- By 61% to 27%, more say Clinton than Trump did the better job
- Long line of first-debate winners have failed to win the presidency
- Clinton dominated in perceptions of understanding the issues
PRINCETON, N.J. -- By 61% to 27%, Americans who tuned in to Monday night's presidential debate believe Hillary Clinton, rather than Donald Trump, did the better job. Her 34-percentage-point lead is among the more robust victories presidential candidates have earned in Gallup's post-debate polls stretching back to 1960, on par with Bill Clinton's debate wins over Bob Dole in 1996. However, as the record shows, the winner of the first debate does not necessarily win the next debate, or the election.
|First debate||Second debate||Third debate|
|2016||H. Clinton (+34)||--||--|
|2012||Romney (+52)||Obama (+13)||Obama (+23)|
|2008||Obama (+12)||Obama (+33)||Obama (+26)|
|2004||Kerry (+32)||Kerry (+15)||Kerry (+14)|
|2000||Gore^ (+7)||G.W. Bush^ (+13)||Gore^ (+2)|
|1996||B. Clinton (+35)||B. Clinton^ (+30)||--|
|1992||Perot^ (+17)||B. Clinton (+42)||Perot^ (+9)|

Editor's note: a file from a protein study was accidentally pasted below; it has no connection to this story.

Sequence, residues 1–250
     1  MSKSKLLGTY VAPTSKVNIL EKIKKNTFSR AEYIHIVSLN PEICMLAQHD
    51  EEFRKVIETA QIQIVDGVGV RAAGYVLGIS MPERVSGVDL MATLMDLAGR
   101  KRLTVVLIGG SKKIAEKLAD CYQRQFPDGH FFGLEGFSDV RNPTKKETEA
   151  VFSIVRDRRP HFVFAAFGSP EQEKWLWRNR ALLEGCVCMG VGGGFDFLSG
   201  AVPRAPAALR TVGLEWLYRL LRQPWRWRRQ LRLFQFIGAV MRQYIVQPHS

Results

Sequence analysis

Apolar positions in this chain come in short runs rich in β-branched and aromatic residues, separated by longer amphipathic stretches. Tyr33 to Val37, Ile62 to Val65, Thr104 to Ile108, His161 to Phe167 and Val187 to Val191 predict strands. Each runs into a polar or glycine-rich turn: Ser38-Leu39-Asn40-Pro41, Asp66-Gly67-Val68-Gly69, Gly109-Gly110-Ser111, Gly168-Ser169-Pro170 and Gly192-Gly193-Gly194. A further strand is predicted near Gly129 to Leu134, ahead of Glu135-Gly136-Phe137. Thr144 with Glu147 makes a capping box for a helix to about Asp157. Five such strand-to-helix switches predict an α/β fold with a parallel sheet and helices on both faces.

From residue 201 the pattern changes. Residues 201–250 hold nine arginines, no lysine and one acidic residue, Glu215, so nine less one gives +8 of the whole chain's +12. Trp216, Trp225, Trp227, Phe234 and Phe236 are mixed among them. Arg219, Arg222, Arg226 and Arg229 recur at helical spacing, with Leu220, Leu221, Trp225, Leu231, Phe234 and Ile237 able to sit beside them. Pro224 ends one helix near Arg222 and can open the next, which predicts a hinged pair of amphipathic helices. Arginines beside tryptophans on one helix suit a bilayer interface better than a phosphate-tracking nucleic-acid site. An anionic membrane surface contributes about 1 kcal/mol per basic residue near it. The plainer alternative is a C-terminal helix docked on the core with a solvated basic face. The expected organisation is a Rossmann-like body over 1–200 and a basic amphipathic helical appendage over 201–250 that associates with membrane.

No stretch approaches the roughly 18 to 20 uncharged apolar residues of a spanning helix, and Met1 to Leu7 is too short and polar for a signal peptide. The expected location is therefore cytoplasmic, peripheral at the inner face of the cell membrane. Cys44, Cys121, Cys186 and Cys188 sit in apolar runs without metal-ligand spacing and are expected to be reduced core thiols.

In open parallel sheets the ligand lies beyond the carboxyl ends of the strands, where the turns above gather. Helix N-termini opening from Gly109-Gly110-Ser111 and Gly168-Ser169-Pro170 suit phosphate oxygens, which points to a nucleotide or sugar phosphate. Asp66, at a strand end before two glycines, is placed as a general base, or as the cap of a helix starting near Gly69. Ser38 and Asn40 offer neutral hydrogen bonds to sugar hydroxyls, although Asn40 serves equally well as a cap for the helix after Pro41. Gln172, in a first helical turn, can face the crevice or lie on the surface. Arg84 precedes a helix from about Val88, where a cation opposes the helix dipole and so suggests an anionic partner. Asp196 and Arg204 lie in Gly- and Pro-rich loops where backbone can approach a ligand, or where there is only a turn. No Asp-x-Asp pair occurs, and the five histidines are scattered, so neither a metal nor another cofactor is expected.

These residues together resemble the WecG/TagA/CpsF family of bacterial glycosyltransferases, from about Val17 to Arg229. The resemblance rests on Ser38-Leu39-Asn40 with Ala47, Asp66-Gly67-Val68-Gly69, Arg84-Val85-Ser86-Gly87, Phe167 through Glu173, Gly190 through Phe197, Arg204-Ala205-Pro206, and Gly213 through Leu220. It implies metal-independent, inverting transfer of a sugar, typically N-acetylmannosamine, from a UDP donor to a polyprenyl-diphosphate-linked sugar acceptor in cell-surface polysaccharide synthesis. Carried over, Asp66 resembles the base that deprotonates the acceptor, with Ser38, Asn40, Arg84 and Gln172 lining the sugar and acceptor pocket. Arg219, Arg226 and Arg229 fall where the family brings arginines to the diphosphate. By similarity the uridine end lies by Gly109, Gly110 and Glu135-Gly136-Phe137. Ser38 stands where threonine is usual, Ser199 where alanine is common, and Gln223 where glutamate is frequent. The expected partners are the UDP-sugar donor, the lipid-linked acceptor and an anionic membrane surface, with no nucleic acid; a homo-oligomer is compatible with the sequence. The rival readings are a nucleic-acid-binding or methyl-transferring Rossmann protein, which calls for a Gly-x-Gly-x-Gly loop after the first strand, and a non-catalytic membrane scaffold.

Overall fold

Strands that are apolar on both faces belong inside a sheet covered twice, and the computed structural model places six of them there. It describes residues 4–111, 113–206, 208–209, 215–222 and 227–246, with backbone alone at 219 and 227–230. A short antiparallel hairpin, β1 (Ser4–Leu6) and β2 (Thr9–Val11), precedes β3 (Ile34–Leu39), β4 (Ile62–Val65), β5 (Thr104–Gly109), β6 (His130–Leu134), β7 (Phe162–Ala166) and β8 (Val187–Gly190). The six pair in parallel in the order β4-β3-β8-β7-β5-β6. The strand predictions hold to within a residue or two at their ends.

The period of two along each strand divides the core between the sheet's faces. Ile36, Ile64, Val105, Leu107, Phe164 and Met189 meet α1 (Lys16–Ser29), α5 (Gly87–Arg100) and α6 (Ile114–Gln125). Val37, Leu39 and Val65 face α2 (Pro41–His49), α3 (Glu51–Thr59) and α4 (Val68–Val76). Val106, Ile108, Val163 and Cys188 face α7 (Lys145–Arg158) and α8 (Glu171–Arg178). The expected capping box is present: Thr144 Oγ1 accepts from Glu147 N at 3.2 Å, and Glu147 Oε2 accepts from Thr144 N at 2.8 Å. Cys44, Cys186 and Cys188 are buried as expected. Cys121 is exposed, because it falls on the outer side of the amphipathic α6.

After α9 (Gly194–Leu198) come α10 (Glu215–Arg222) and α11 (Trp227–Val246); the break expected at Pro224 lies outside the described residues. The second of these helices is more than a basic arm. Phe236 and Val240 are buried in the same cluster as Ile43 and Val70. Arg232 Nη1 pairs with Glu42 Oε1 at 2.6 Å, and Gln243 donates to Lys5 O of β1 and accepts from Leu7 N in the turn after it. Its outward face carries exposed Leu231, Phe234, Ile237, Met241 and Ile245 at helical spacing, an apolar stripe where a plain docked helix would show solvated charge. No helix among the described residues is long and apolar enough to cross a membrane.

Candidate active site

|1984||Mondale^ (+19)||Reagan^ (+3)||--|
|^ Based on debate reaction poll conducted the same night with respondents interviewed in advance who planned to watch the debate and agreed to be called back|
Most notably, Mitt Romney was the runaway leader in public perceptions of who performed better in the opening debate of 2012, with 72% of debate watchers choosing him versus just 20% naming Barack Obama -- the widest debate lead Gallup has ever recorded. Yet Obama eclipsed Romney in the next two debates and won the election. Equally striking is that John Kerry was the perceived winner of all three debates against George W. Bush in 2004, including by 32 points in the first debate, but lost the election.
In terms of other first debates, viewers thought Al Gore outperformed George W. Bush in 2000, and they believed Ross Perot bested both Bill Clinton and George H.W. Bush in 1992. Viewers also gave Michael Dukakis better marks than Bush in 1988. They thought Walter Mondale outperformed Ronald Reagan in 1984 and determined that Gerald Ford beat Jimmy Carter in 1976. But the credential carried none of these debate winners to presidential victory.